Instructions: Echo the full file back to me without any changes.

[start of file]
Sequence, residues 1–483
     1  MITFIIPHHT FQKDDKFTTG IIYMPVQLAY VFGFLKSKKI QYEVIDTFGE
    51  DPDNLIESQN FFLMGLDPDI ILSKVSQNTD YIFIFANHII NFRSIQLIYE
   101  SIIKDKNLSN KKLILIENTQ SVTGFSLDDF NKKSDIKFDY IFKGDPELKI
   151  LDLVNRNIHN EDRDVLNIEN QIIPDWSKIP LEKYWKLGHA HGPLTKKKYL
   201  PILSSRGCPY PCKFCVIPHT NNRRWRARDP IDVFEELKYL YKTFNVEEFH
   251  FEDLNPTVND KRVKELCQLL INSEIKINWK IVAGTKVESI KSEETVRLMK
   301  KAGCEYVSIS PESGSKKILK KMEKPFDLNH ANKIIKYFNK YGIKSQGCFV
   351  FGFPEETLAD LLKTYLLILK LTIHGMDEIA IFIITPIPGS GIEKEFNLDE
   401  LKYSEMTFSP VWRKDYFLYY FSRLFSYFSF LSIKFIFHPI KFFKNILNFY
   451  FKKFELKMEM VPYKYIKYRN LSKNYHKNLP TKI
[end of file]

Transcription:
Sequence, residues 1–483
     1  MITFIIPHHT FQKDDKFTTG IIYMPVQLAY VFGFLKSKKI QYEVIDTFGE
    51  DPDNLIESQN FFLMGLDPDI ILSKVSQNTD YIFIFANHII NFRSIQLIYE
   101  SIIKDKNLSN KKLILIENTQ SVTGFSLDDF NKKSDIKFDY IFKGDPELKI
   151  LDLVNRNIHN EDRDVLNIEN QIIPDWSKIP LEKYWKLGHA HGPLTKKKYL
   201  PILSSRGCPY PCKFCVIPHT NNRRWRARDP IDVFEELKYL YKTFNVEEFH
   251  FEDLNPTVND KRVKELCQLL INSEIKINWK IVAGTKVESI KSEETVRLMK
   301  KAGCEYVSIS PESGSKKILK KMEKPFDLNH ANKIIKYFNK YGIKSQGCFV
   351  FGFPEETLAD LLKTYLLILK LTIHGMDEIA IFIITPIPGS GIEKEFNLDE
   401  LKYSEMTFSP VWRKDYFLYY FSRLFSYFSF LSIKFIFHPI KFFKNILNFY
   451  FKKFELKMEM VPYKYIKYRN LSKNYHKNLP TKI